There are many great benefits of being CPR certified. Getting, maintaining, and using your CPR certification can be a profoundly rewarding experience. And even better, CPR is easy to learn.
We’ve compiled a list of 11 reasons for why you may want to consider learning CPR.
Save a life
No list of CPR benefits would be complete without addressing the fact that CPR saves lives. It’s such an important piece of what CPR certification is all about that we put it first. The American Heart Association says that “CPR, especially if administered immediately after cardiac arrest, can double or triple a person’s chance of survival.”
Identify and respond to the signs of a cardiac arrest
That statistic is so important that it has become our second point on the list. One of the main benefits of CPR is the ability to help in the event of a heart attack or other cardiac arrest. In a CPR class, you’ll learn to identify the signs of a cardiac arrest, and what to do if you see them.
Worldwide, the American Heart Association says, “cardiac arrest claims more lives than colorectal cancer, breast cancer, prostate cancer, influenza, pneumonia, auto accidents, HIV, firearms, and house fires combined.” Statistics show that if someone receives CPR, including chest compressions, 4 minutes of collapse, and if defibrillation is provided within 10 minutes, that person has a 40% chance of survival.
Understand how to use an AED
Speaking of defibrillation, your CPR class can teach you how to use an automated external defibrillator (AED) properly. This life-saving skill can help you to provide care to someone who suffers a sudden cardiac arrest. One study estimates that “about 1,700 lives are saved in the United States per year by bystanders using an AED.”
Help someone who is choking
Cardiopulmonary resuscitation isn’t just about heart attacks. Learning CPR can prepare you to help if someone is choking on food or another foreign object. Many classes can help you know how to help adults, children, and infants – and even yourself.
Help someone who is drowning
A CPR class can show you how to help in the event of a drowning, as well. Even if you aren’t a lifeguard, you may be in a situation where someone is in danger of drowning, so knowing whether to practice mouth-to-mouth resuscitation or hands-only CPR is a matter of life and death.
Assist with an accident
If you come across an accident, like a work accident or a car crash, do you know how to help until emergency medical help arrives? CPR training provides the skills you’d need to help in all kinds of emergency situations. Many CPR classes even combine CPR and AED training with basic life-saving and first-aid training.
Serve in a natural disaster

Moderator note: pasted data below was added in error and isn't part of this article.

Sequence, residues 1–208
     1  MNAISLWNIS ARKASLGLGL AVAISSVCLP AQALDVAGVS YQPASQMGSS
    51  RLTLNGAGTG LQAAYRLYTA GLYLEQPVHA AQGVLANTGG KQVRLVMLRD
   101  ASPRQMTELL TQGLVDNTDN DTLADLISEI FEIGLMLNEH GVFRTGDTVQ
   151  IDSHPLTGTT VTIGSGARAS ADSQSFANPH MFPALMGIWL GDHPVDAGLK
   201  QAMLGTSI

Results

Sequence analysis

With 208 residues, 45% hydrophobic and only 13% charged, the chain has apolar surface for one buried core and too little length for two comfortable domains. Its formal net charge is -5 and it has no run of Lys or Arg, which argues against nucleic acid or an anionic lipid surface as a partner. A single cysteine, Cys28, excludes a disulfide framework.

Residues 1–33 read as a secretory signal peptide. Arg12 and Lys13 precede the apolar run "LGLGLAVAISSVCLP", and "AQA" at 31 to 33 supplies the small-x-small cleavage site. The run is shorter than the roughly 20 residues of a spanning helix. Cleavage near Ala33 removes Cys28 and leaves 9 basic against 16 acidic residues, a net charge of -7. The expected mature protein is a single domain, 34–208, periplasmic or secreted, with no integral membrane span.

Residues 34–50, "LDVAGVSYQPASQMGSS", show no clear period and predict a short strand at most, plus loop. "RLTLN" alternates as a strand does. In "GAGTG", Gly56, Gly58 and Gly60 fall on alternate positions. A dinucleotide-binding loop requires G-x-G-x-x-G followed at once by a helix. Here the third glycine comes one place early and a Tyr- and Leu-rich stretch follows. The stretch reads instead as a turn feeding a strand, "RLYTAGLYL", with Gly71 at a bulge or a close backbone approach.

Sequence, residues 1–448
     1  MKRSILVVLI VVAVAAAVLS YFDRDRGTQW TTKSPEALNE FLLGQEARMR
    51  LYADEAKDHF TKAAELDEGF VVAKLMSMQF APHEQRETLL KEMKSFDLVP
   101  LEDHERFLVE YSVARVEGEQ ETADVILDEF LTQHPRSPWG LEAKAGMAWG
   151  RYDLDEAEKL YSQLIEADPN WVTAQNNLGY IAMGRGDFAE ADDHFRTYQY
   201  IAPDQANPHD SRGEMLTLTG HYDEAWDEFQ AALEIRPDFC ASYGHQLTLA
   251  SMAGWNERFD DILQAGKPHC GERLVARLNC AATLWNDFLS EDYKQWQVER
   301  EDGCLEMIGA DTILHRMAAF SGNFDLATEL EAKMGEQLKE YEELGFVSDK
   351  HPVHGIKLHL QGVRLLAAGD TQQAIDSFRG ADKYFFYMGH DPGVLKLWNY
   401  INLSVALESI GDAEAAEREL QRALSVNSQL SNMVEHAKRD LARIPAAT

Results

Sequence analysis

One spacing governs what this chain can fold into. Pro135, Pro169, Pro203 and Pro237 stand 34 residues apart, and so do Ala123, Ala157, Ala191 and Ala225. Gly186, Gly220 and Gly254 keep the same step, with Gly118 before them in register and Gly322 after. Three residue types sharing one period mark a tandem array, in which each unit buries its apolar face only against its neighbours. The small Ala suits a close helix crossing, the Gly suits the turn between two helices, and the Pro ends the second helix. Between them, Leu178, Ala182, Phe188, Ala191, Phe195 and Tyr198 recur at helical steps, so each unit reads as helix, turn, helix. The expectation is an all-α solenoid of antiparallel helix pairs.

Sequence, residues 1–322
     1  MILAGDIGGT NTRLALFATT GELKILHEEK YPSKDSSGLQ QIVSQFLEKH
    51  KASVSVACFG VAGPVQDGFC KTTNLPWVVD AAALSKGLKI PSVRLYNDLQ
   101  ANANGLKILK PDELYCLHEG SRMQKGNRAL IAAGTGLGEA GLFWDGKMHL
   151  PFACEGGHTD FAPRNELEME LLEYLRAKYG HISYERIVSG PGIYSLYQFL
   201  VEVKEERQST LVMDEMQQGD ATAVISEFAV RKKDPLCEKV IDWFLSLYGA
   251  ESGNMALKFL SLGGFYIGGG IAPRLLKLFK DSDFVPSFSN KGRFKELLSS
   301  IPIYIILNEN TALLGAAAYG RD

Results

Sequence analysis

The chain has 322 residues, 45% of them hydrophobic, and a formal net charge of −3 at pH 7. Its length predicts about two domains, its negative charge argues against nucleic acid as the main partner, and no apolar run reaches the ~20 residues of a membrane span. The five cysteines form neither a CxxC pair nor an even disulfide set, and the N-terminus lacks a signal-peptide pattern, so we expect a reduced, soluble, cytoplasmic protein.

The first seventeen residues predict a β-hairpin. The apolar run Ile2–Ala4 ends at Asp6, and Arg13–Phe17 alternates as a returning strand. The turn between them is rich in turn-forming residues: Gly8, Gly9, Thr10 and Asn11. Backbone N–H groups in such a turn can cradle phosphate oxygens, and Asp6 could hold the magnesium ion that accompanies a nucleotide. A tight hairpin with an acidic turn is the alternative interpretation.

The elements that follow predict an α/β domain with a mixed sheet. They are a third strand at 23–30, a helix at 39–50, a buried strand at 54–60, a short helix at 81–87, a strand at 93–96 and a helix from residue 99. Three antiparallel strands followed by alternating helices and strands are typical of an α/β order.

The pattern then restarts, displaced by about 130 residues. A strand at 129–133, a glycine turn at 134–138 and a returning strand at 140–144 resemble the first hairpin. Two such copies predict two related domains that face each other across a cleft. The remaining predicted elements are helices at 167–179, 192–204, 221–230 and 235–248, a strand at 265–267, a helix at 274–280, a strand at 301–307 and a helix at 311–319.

Emergency training from a CPR class can prepare you to assist in the event of a natural disaster, like a hurricane, tornado, or earthquake. Dr. Petrina Craine says that
“I think [people should learn] things such as what to have in a first aid kit; how to call 911, even in a stressful situation like a natural disaster; how to control potential life-threatening bleeding; how to help avoid potentially deadly changes in body temperature, especially for someone needing first aid in a very cold situation; how to support one’s breathing with life-saving positions; how to help treat burns; how to help someone that has drowned; and definitely CPR.”
These are all things that you can learn in a CPR class that also addresses basic lifesaving and first aid.
Save a life in a classroom
Many CPR classes teach participants how to perform CPR on children and adults. This knowledge can be vital for saving lives in a classroom, on a playground, or at the neighborhood swimming pool. From skinned knees to choking emergencies, a CPR class can show you how to help children in need.
Learn basic anatomy
Though you may not realize it, in a CPR class, you’ll learn a bit more about the human body and how it works. From understanding the proper way to perform chest compressions, you will learn about the bones and muscles of the chest. First aid training can help you better understand how to stop bleeding, address fractures, and understand internal and external injuries.
Meet Job requirements
Many types of jobs require CPR and first aid training. As we’ve discussed in our blog, some jobs require ongoing certification, including:
- Professional rescuers
- Health care providers
- Emergency Response Teams
- Safety personnel
- Ambulance crews
- Athletic trainers
- Airline employees
- Life guards
Industries, like construction, education, and others, highly recommend certification to meet national standards and guidelines.
Even if it’s not required for a specific industry, having a current CPR certification can benefit any resume. It can show an employer that you are willing to step up and help in an emergency.
Practice crisis management skills
If you do have to step in and help in a crisis, learning CPR can help you keep a level head, manage the situation, and ensure that help is provided. Those skills transfer from CPR into life.
With all these benefits of learning CPR, it’s hard to understand why anyone would choose not to. If CPR can save one life, or even if it can help you to feel better prepared in the event of an emergency, then it’s well worth the effort.